Hosted by: Utah Headliners, Region 9

“Media Day on The Hill”: The chapter paid for a dozen local media outlets to set up tables at the capitol rotunda one day during the legislative session and meet lawmakers, their staffs and visitors.
Hosted by: Utah Headliners, Region 9

Speed networking: Pro journalists were paired with student journalists for five-minute networking “dates.”
Hosted by: Utah Headliners, Region 9

Self-defense workshop: A training session co-sponsored for protecting against online harassment and self-defense
Hosted by: Los Angeles, Region 11

Virtual reality: A training session on how to produce 360 video, including equipment and software
Hosted by: Los Angeles, Region 11

Leadership dinner: A gathering with presidents and vice presidents from 11 local journalist organizations, to share information and collaborate more often
Hosted by: Los Angeles, Region 11

Video editing workshop: How to use iMovie to create short videos
Hosted by: Los Angeles, Region 11

Grade the Media: Panelists central to the year’s top stories discuss what the media got right or wrong. Panelists grade coverage.
Hosted by: San Diego, Region 11

Lawyers and judges: With Bar Association, teach lawyers and judges about journalism ethics
Hosted by: San Diego, Region 11

Sunshine Awards: Honoring local agencies that did the most or least to promote transparency
Hosted by: San Diego, Region 11

Vigil: Held a vigil in a park to honor the victims of the Capital Gazette shootings. Leaders of other journalism groups spoke. Event was covered on TV and newspapers.
Hosted by: Valley of the Sun, Region 11

Scoops: “Get the Scoop ... and Check the Facts” program visited several college campuses for ice cream socials to talk about journalism skills. Each attendee got an Arkansas SPJ ice cream scoop, which the chapter ordered through an SPJ chapter grant.
Hosted by: Arkansas, Region 12

Camera: Bought a $200 water-resistant, shockproof camera for an elementary school that started its own newspaper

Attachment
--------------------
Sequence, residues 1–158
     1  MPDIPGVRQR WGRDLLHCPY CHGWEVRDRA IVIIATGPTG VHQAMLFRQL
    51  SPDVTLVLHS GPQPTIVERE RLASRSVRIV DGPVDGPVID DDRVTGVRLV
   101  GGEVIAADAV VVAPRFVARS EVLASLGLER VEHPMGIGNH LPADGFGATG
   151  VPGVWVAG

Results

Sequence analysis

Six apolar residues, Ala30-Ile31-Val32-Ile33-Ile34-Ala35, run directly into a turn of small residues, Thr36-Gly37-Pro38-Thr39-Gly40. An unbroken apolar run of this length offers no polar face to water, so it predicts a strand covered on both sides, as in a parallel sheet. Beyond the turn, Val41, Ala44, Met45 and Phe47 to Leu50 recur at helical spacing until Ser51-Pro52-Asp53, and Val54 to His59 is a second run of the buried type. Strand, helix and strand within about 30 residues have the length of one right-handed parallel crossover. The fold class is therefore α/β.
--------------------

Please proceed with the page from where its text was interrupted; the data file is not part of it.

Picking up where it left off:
Hosted by: Arkansas, Region 12

Armbands: Through a grant, provided 1,000 scholastic and college journalists, educators and SPJ members armbands to honor 50th anniversary of U.S. Supreme Court’s Tinker decision
Hosted by: Arkansas, Region 12

Ugly sweaters: A networking event with an ugly sweater contest
Hosted by: Arkansas, Region 12

Legislative luncheon: To give journalists and the public a preview of bills planned for the next legislative session
Hosted by: East Tennessee, Region 12

Ethics lecture series: Chapter members gave eight different lectures on ethics to about 280 college journalism students
Hosted by: Northwest Arkansas, Region 12


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Fundraising ideas

Many chapters raise money in conjunction with restaurants that donate a portion of their proceeds during a certain period. Here are some other ideas, compiled from 2019 annual reports.


Campus chapter fundraisers

Food sales: Hot chocolate and hot cider at a soccer game
Roger Williams University, Region 1

Weekend concession stand at city’s youth soccer facility
Harding University, Region 12

T-shirts: Sold 138 shirts, raising $873.
James Madison University, Region 2

Sales of #NotTheEnemy shirts raised $2,500 for Capital Gazette Families Fund
James Madison University, Region 2

Has the franchise for printing homecoming shirts, raising $700
Campbellsville University, Region 5

Giving Day: appealed to alumni during university fundraising campaign
Salisbury University, Region 2

Finals baskets: Invite all parents of journalism school students to order a food basket, a “Facts Matter” shirt or both before final exams. Sold more than 50 baskets this year. Also, a late-night bake sale.